hort.net Seasonal photo, (c) 2006 Christopher P. Lindsey, All Rights Reserved: do not copy
articles | gallery of plants | blog | tech blog | plant profiles | patents | mailing lists | top stories | links | shorturl service | tom clothier's archive0
Gallery of Plants
Tech Blog
Plant Profiles
Mailing Lists
    Search ALL lists
    Search help
    Subscription info
Top Stories
sHORTurl service
Tom Clothier's Archive
 Top Stories
Disease could hit Britain's trees hard

Ten of the best snowdrop cultivars

Plant protein database helps identify plant gene functions

Dendroclimatologists record history through trees

Potato beetle could be thwarted through gene manipulation

Hawaii expands coffee farm quarantine

Study explains flower petal loss

Unauthorized use of a plant doesn't invalidate it's patent

RSS story archive

Re: Aroid Plantmen

  • Subject: Re: Aroid Plantmen
  • From: a sunjian <asjbiotek@gmail.com>
  • Date: Sat, 16 Aug 2014 00:22:27 -0400

I think that's a good question David. So much information about the past has been lost because nothing was ever committed to writing...or if they were, such written notes have been lost to time and never digitized and archived on the web.

For example, I am currently interested in learning more about a fellow named Len Butt from Australia, who is mainly known for his work with Cycads before he died in the early 1990s. He also created several Meco hybrids that now circulate in trade, but whose history and origin are unknown. Everything after awhile becomes hearsay and rumor, and rumors slowly are treated as truth.

On a slight tangent, I should also like to point out that CURRENT information needs to be committed to permanent or semi-permanent storage for future researchers, and I don't mean on facebook (for example, you'll notice data on FB disappears after a few years, and of course is never archived by archival entities such as archive.org). There used to be a large number of hobbyist sites that focused on specific topics, but these seem to be replaced more and more now by group pages on social media, which i consider to be storage of transient information given again that the data is lost after a few years (and that copyright to such data is also unclear).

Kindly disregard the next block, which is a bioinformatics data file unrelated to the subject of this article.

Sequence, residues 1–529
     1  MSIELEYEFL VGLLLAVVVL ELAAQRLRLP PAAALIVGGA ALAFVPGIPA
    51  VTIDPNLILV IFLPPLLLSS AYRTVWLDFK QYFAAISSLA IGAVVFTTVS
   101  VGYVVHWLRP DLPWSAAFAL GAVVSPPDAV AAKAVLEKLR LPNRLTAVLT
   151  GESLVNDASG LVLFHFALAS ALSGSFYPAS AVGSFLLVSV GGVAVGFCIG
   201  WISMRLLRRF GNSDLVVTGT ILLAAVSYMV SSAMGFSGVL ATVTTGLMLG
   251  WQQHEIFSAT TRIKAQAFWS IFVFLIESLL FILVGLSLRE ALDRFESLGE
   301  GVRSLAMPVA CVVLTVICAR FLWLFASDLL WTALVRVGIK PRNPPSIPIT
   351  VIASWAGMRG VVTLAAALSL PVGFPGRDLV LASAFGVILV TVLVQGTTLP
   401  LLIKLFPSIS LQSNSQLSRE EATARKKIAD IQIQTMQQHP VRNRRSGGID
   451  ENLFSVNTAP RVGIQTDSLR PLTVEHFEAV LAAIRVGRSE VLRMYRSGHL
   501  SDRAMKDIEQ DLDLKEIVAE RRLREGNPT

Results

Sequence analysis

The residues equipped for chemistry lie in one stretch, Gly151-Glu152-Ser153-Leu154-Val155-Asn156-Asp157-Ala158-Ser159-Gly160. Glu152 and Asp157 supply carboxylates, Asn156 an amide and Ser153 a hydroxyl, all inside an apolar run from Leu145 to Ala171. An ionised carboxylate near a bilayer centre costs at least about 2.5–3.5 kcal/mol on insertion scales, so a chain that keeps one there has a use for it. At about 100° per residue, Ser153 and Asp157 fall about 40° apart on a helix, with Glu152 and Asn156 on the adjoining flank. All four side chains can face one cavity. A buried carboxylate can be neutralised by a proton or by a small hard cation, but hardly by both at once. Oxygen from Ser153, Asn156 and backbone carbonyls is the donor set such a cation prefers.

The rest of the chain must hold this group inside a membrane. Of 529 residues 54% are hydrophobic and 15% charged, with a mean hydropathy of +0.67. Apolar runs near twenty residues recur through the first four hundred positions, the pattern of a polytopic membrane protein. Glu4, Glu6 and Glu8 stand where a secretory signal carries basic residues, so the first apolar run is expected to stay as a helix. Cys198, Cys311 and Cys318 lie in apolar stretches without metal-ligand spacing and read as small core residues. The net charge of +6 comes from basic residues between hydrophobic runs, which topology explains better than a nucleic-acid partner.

So in addition to "social" websites, we need more people like Steve Lucas who actually created something more permanent. He was a fellow meco guy who used to have a very good website called the Exotic Rainforest, which became a storehouse of very useful botanical information, as well as information that I would consider historical. Steve passed away unfortunately, but his website was fully archived and will hopefully continue in future to serve as a storehouse of data for future reference.

On Fri, Aug 15, 2014 at 7:33 PM, DAVID LEEDY <djleedy@sbcglobal.net> wrote:
I appreciated the information given to us on this list by A. Sunjian with respect to Philodendron ÂâxEvansiiâ and Philodendron âSoledadâ. However, ÂI want to know more about the âPlantsmenâ in the Aroid Plant Family. We can read about the old timey Botanist (e.g. Schott and Engler & Kraus), the Botanists of our life time (e.g. Cecil Prime and Monroe Birdsey), and the current Botanists. But how about the Plansmen?

What is the story of Andersonâs Red (Philodendron) and of particular interest would be Bob McCauley of Fantastic Gardens fame in Miami? What other Plantsmen should we know about? How about famous Plantsmen in Australia, the UK, Germany, etc.? ÂWhat cultivars or hybrids are they responsible for?

I, for one, would really appreciate anyone taking the time to either write this down or tell me where I might otherwise find it.

Thank you.
David Leedy

Aroid-L mailing list

Aroid-L mailing list

Other Mailing lists | Author Index | Date Index | Subject Index | Thread Index

 © 1995-2015 Mallorn Computing, Inc.All Rights Reserved.
Our Privacy Statement